Ouch! ‘Loose’ Work Orders Can Lighten Your Wallet, Kill Your Company

Integrators who do not have the proper legal language in their initial contracts, POs or Work Orders, or do Change Orders based on email agreements, are losing in court.

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How you handle equipment that is added after the initial contract can make or break your business… literally.

It is a common practice for a homeowner to request additional equipment or services during the course of a project, sometimes many months after the initial contract is signed. Most integrators simply have the client sign a Purchase Order (PO).

But courts are finding that services and equipment covered simply by a PO are not necessarily covered by the initial contract, which includes all the proper liability protections.

“You need to be careful because other agreements that you sign may be inconsistent and have contradictory provisions that specify that that document supersedes prior documents,” says legal expert Ken Kirschenbaum of Kirschenbaum & Kirschenbaum and columnist for CE Pro’s sister publication Security Sales & Integration. “Also, even though you don't sign a subsequent Purchase Order or expressly consent to contradictory terms and conditions, your acquiescence to the changed terms may be implied and you may end up being bound by unintended terms.”

And the consequences can be disastrous. For example, these are real cases from the Security America Risk Retention Group (SARRG):

Ouch! A client wanted a water detector in a “problem basement” sump pit. The water detector was installed after the initial installation and covered simply by a “work order” from the integrator with no legal language referenced or included. The basement flooded and the homeowner’s lawyer successfully argued that the water sensor was not covered by the initial contract.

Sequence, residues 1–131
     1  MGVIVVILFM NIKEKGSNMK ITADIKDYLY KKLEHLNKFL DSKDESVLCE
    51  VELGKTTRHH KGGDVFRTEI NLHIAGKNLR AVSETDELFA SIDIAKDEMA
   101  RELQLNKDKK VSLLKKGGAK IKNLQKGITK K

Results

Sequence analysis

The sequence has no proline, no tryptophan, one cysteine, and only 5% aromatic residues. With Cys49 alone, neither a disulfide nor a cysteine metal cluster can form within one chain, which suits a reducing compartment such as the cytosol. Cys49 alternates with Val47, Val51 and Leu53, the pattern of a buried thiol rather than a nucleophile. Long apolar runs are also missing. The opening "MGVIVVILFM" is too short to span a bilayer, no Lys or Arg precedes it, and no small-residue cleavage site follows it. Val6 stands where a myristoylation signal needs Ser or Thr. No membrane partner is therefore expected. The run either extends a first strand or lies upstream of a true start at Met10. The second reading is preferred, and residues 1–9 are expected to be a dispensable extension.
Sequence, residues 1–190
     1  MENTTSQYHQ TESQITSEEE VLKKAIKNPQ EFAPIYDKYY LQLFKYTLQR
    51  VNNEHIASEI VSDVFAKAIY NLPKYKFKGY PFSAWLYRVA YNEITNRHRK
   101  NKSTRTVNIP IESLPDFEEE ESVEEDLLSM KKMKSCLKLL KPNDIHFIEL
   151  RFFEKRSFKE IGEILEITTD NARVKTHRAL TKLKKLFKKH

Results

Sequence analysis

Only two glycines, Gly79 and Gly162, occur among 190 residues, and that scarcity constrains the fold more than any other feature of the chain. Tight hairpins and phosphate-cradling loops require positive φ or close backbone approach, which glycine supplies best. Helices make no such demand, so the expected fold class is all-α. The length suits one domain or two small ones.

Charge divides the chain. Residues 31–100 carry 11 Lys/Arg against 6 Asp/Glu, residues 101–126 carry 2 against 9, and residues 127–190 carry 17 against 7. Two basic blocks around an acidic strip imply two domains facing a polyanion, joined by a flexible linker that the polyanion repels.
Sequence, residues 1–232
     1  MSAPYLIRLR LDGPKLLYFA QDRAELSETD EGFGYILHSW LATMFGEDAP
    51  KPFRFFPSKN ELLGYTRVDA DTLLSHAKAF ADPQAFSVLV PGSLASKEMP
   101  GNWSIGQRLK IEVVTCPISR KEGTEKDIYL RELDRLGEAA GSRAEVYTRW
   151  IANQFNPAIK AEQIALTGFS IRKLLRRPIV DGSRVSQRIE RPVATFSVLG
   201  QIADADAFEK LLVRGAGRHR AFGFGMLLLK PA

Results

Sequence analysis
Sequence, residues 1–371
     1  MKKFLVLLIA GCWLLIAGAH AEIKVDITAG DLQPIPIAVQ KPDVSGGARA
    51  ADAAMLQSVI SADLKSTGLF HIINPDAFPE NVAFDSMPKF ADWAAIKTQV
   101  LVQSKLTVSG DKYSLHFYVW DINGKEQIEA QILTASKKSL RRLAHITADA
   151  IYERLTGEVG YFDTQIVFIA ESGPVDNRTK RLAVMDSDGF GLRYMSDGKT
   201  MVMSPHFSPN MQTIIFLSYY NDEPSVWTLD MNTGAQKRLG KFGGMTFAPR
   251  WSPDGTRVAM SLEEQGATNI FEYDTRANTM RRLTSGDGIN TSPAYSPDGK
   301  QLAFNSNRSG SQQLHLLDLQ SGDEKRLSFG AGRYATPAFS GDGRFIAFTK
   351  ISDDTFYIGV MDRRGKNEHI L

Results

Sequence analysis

The result: The case was settled for $25,000 plus $10,000 in legal fees paid by the integrator.

Double Ouch! In another case, during the installation the integrator removed window screens. There was subsequent water leakage through the windows that ruined the wood floor just below the window. But the wood flooring carried across the entire house and could not be matched, so a full replacement throughout the entire house was required by state statute.

The result: The integrators “settled” for half the damage… $9,500.

Triple Ouch! It gets worse. A claim currently under investigation involves an installation in a luxury residence that was done on an email approval from the customer… no contract and no terms. There was a fire. The property damage far exceeds the coverage under the homeowner’s fire insurance policy (well over $6 million).

The result: The damages from the claim against the integrator are more than the net worth of the company.

How to Protect Yourself

So, what can you do? According to Kirschenbaum, it is not as simple as just having legal language on your POs that references the initial contract. But that is a good start.

At the very minimum, Kirschenbaum says that every Work Order should include a confirmation signature from the integrator and returned to the customer, and include language noting that only the terms of your initial contract are governed.

That is a good first step to make sure your POs do not supersede your original contract. He says integrators need to make sure their original contract has language in it that specifically refers to Riders and Supplemental Work Orders.

About the Author

Jason Knott
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Jason Knott:

Jason Knott is Chief Content Officer for Emerald Expositions Connected Brands. Jason has covered low-voltage electronics as an editor since 1990, serving as editor and publisher of Security Sales & Integration. He joined CE Pro in 2000 and serves as Editor-in-Chief of that brand. He served as chairman of the Security Industry Association’s Education Committee from 2000-2004 and sat on the board of that association from 1998-2002. He is also a former board member of the Alarm Industry Research and Educational Foundation. He has been a member of the CEDIA Business Working Group since 2010. Jason graduated from the University of Southern California.

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